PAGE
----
BarnWhen I visited seven or eight years ago, someone was still living in the ranch house, but the barn was in a sad state of disrepair. Much of the roof and some of the siding had fallen off the north shed, so that weather could blow onto the haymow floor, the very heart of the building.

I've heard that the ranch has changed hands again since then. I hope that maybe the new owners will have the desire and the resources to restore and preserve the barn, but it may have deteriorated so much that it's not practical to do so.

Willa Cather wrote in O Pioneers!, "The land belongs to the future. How many of the names on the county clerk's plat will be there in fifty years? We come and go, but the land is always here. And the people who love it and understand it are the people who own it -- for a little while." Something similar could be said about the buildings people have made on the Nebraska prairie. People have built, used and loved them, but they are temporary.

BarnNotice how the studs of the north wall are exposed.


I talked a bit about this barn in my post, "Kids and Kittens." I will write another time about the fun we had as children playing in the barn, especially in the haymow.


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5 comments:

Mark said...

The buildings that help define our past, and in fact ourselves, disappear. My own home, the one I dream about when I dream about home, the one that I have not lived in for nearly 40 years, is now a drugstore. Eventually my mother will leave the her home of those nearly 40 years. I will soon leave my own home, too. And then home will be just the place where I sleep.

Genevieve said...

I went to Western Blues and copied a comment I wrote there, because it seems to apply here:

"I think I have never felt completely "at home" since I left the home where I grew up. It would take some counting to figure out how many places I've lived in since then -- it was one move after another for years. We have been in our current home for 15 years, but I will never really belong here like I would have belonged in my birthplace if I had never left. And I will never find again the peace and safety that I felt in the innocence of my childhood."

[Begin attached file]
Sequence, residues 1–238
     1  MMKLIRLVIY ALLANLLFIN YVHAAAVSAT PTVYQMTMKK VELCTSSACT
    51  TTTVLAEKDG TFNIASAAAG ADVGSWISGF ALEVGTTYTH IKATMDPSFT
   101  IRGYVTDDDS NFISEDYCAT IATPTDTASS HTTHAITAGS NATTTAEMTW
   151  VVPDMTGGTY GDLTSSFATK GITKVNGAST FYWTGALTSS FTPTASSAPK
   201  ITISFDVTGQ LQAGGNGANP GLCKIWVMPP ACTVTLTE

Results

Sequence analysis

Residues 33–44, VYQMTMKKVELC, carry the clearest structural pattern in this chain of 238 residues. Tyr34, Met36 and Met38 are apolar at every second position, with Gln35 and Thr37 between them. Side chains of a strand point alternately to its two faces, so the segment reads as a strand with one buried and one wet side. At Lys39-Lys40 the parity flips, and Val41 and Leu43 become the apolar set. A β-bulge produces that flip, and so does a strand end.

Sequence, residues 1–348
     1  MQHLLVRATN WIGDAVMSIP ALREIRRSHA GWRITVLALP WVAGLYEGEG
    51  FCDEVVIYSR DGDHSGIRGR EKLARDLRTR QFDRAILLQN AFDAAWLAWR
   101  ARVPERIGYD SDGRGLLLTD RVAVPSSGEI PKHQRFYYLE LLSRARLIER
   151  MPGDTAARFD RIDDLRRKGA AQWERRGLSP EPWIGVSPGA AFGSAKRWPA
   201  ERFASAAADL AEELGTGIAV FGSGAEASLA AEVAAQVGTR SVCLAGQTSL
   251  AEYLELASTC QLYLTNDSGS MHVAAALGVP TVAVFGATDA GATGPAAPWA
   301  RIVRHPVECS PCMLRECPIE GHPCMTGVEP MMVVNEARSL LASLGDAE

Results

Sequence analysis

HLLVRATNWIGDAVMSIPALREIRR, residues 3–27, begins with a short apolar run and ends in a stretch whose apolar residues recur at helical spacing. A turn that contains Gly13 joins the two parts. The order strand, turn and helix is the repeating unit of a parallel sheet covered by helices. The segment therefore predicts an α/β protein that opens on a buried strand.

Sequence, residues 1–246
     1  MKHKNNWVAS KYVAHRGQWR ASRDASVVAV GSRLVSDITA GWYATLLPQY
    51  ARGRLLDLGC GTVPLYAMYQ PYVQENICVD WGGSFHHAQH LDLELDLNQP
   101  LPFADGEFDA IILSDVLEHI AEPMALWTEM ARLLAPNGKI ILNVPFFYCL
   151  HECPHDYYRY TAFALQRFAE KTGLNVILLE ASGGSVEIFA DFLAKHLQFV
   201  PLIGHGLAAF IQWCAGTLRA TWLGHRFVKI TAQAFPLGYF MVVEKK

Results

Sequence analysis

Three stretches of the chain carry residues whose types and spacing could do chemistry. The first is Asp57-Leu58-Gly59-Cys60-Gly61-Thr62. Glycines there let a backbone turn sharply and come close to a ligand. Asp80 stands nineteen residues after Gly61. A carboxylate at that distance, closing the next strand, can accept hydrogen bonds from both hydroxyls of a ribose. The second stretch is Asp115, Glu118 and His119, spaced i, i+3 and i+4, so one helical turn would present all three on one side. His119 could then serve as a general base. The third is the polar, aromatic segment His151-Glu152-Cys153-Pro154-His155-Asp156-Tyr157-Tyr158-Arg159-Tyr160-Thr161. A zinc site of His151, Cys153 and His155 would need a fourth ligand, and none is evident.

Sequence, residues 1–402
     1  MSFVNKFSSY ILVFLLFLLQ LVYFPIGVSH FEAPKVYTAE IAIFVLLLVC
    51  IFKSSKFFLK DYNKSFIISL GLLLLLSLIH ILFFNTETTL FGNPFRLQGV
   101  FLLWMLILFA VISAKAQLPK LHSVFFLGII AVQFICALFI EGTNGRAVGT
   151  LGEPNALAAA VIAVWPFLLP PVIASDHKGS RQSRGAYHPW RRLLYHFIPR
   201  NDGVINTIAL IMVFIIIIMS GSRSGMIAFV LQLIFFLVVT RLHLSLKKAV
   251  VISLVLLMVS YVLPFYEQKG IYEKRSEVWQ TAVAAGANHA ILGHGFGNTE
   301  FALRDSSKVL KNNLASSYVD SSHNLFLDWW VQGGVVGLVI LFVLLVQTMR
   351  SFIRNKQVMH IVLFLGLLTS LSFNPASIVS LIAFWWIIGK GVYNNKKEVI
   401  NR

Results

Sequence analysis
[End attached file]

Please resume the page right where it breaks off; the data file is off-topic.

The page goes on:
About a year ago, after breaking her hip, my 88-year-old mother-in-law had to give up her home of 60 years and move to an assisted living home. (This is in Kansas City.) She grieves terribly over the loss of her house even though she knows she couldn't live alone anymore. The truth is, even if she had moved in with one of the daughters, she would still have lost her house. Both of the daughters have major health problems of their own (heart disease, MD, Parkinson's) so probably Mama N. is in the best place possible, but she thinks and talks constantly about her home.

hills of ks said...

Your brother says that the little "red-headed" guy that owned the place before A & D built the barn - he can't remember his name but thinks that you might.

Genevieve said...

Me remember? Surely you jest. If Dwight doesn't know, I seriously doubt that I do. I will meditate on it, though.

Collagemama said...

Cather's "The land belongs to the future," is the perfect cap to a long-distance conversation with my eldest about the conviction to recycle.

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CONTENTMENT: Keep your heart free from hate, your mind from worry, live simply, expect little, give much, sing often, pray always, forget self, think of others and their feelings, fill your heart with love, scatter sunshine. These are the tried links in the golden chain of contentment.
(Author unknown)

IT IS STILL BEST to be honest and truthful; to make the most of what we have; to be happy with simple pleasure; and to be cheerful and have courage when things go wrong.
(Laura Ingalls Wilder, 1867-1957)

Thanks for reading.